Thematic Lines

The different research groups are brought together under this unifying sign, which is branched out into three major thematic lines.
The first line embraces the topic Person and Law. It comprises groups more directly concerned with reflecting on how the human person is addressed in contemporary legal discourse, not only in the context of the permanent reinvention of the (methodological, philosophical, cultural and historical) status of law in culturally plural communities, but also as the object of special legal protection in  situations of vulnerability.
In turn, the line Law, Risk and Technical Society subsumes groups working on risk control in highly rationalized decision-making processes (both in the modelling of public policies and in the planning of private economic activity); on the new conflicts of interests triggered by utilities resulting from technological innovation and, hence, needing new legal mechanisms for their harmonisation; and on the specific legal treatment of SME with a view to fostering innovation, growth and well-being.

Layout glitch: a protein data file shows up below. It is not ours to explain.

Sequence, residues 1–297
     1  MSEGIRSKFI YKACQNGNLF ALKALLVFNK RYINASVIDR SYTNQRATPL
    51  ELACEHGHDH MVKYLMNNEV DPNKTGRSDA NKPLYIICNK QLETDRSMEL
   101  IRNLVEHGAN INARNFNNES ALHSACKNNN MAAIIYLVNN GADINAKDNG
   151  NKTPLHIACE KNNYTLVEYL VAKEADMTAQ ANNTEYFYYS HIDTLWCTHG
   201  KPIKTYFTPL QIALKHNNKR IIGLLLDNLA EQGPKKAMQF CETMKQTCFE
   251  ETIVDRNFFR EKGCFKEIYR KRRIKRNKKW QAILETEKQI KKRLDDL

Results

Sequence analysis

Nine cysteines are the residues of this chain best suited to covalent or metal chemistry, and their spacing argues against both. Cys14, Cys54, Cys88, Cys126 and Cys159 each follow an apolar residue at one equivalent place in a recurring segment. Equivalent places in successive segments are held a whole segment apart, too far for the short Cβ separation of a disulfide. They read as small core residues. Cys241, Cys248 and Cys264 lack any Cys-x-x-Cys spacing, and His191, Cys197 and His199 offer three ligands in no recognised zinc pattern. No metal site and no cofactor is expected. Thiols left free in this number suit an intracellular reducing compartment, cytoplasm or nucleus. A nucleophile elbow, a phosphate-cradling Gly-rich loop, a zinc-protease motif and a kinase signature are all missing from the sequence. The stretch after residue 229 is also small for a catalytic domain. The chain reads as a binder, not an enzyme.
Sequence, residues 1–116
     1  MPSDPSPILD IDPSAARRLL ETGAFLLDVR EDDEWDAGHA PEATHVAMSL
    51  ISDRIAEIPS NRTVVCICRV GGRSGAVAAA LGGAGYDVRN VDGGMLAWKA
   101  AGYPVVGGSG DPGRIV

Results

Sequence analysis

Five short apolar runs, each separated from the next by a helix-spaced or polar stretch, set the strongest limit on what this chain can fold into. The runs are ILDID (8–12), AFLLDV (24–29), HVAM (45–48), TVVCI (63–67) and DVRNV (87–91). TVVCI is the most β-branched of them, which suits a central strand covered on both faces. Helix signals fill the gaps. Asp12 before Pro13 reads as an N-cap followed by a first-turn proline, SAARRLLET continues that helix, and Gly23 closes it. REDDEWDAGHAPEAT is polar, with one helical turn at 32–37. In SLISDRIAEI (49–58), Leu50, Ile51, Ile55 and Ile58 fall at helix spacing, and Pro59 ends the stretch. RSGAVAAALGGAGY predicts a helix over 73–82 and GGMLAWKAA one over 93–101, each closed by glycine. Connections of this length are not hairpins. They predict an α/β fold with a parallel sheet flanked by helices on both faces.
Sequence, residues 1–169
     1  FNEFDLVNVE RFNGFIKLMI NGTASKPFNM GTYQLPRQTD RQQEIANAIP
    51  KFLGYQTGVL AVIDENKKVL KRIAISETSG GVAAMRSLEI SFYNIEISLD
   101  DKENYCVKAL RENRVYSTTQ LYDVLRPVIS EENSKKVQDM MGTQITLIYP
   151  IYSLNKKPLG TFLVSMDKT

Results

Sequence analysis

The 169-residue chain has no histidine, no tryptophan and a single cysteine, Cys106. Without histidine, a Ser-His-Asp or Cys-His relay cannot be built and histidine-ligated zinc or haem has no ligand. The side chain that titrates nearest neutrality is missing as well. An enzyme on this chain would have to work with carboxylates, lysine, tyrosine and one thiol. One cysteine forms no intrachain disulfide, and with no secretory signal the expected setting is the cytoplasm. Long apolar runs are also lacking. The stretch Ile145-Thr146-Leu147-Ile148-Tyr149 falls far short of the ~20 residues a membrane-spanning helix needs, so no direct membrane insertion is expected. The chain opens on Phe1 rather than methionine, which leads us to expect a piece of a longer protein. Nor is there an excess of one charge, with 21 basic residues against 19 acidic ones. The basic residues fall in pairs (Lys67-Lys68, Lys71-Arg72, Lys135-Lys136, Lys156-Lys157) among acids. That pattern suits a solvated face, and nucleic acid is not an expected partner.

The third thematic line tackles the topic Transformation of the State and Globalisation and it aims at understanding the issues that challenge the discourse of public power – namely, global concerns, like scarcity, or the emergence of various bodies and agencies vested with public powers and /or regulatory competence –, both in their juridical-political (the crisis of the State and the new sources of legitimation) and juridical-economical (where the scrutiny of the global regulation of the financial system stands out) dimensions.
Counting over 50 integrated members, it is only natural that UCILeR does not follow a methodological monist approach: the large number of researchers is deemed as an opportunity toward a plural methodological stance.
Nevertheless, two features bring together the whole body of researchers and, at the same time, justify the creation of an autonomous institution with a “genetic code” of its own: the awareness that law is a practical task which requires a sound theoretical basis; and the deep-seated belief that the ultimate reference – the vanishing point – of the legal discourse is the eminent dignity of the human person.